Edinburgh bypass: Delays expected due to rail link

Road surfacing work on the City Bypass diversion. Picture: contributed
Road surfacing work on the City Bypass diversion. Picture: contributed
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MOTORISTS have been warned to expect delays when part of the City Bypass is shut in less than a fortnight to allow workers to carve out a tunnel for the Borders Railway.

A major two-lane diversion has been built about 200 metres east of Sheriffhall roundabout to take traffic while a 130ft-wide tunnel is excavated beneath the vital road link.

Switchover works are due to start on September 5.

The speed limit will be slashed from 70mph to 40mph on the alternate route, which will be used for at least eight months while the key stretch of bypass is closed.

The new tunnel will allow the old 35-mile Waverley route from Edinburgh to Tweedbank, near Galashiels, to be reopened. The £294 million rail link is expected to start in summer 2015.

The changeover to the diversion will take place each night from 7.30pm over three consecutive weeks in a bid to avoid causing chaos on the city’s busiest route.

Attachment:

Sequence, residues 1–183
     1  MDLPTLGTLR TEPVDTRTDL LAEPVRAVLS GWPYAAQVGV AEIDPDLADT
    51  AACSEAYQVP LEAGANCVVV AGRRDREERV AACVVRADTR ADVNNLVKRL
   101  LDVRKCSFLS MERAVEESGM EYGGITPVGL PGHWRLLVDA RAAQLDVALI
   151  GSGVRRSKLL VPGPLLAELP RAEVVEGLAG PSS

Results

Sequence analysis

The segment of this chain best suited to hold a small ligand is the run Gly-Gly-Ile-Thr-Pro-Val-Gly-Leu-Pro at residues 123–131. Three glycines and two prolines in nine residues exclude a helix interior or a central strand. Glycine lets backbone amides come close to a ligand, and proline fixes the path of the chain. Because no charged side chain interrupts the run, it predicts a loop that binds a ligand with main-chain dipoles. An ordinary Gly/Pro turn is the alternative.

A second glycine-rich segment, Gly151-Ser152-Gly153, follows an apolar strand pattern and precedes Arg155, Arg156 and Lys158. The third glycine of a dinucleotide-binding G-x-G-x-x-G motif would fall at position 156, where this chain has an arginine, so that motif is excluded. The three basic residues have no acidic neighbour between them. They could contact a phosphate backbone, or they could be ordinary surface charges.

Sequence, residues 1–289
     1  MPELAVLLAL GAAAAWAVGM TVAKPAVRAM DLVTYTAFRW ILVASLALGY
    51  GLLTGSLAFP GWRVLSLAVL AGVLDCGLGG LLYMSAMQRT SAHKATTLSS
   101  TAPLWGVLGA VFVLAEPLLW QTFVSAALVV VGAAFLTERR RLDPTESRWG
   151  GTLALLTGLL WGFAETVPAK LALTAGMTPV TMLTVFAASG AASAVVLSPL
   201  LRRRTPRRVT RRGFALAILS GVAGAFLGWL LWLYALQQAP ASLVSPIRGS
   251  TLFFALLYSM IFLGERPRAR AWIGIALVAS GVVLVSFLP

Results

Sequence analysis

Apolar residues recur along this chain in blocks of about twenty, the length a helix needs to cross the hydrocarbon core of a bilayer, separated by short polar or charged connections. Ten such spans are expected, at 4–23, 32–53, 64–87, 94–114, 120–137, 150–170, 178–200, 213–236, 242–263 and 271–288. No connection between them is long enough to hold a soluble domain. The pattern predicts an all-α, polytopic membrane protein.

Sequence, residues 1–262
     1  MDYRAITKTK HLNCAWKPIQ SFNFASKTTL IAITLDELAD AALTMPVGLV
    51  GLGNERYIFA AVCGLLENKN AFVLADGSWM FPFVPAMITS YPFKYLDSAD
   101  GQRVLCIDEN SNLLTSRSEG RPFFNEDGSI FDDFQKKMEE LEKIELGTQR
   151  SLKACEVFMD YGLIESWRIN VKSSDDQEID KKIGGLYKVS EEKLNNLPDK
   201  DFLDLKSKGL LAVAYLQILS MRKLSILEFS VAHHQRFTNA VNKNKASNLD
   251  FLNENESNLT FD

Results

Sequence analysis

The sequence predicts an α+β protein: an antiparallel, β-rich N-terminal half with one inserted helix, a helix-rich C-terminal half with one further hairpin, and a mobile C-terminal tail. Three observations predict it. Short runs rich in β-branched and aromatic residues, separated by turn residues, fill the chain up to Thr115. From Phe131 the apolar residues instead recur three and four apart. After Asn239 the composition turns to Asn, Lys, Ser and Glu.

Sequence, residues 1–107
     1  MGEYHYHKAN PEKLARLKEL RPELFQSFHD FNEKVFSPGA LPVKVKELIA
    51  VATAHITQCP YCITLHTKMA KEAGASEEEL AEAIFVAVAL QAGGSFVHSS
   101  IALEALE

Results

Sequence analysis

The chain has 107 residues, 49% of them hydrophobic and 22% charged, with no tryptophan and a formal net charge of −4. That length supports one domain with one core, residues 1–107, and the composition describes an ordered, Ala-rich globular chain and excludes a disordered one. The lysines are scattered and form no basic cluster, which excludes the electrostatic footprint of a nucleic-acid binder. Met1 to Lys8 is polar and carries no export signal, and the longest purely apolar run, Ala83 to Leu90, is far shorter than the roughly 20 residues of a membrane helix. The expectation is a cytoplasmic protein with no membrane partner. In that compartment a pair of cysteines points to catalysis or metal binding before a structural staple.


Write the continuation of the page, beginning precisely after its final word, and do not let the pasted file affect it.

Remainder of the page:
Cars will be directed along Millerhill Road and Old Craighall Road at times until the diversion fully opens on September 20.

Network Rail project director Hugh Wark said: “As the temporary road alignment still has four lanes, it is anticipated that the impact on traffic will be minimal.

“A series of adverts will run in advance of the transition to notify road users of the temporary diversion.”

Dalkeith ward councillor Alex Bennett said contractors had done the right thing by commuters and residents, adding: “I’ve not had any complaints.”

A Transport Scotland spokeswoman said the organisation was content that traffic management arrangements along the temporary route were the most practical.

The spokeswoman said: “Traffic Scotland will be monitoring traffic conditions closely throughout the works to proactively advise road users of the current traffic conditions, which will be communicated through variable message signing, the Traffic Scotland website and Traffic Scotland radio.”

The temporary road will be removed once the tunnel is built.

Bonnyrigg-based firm Forth Stone has meanwhile been hired to restore the 19th century Newbattle Viaduct, known as Lothian Bridge, before the structure goes back into use for the Borders rail line.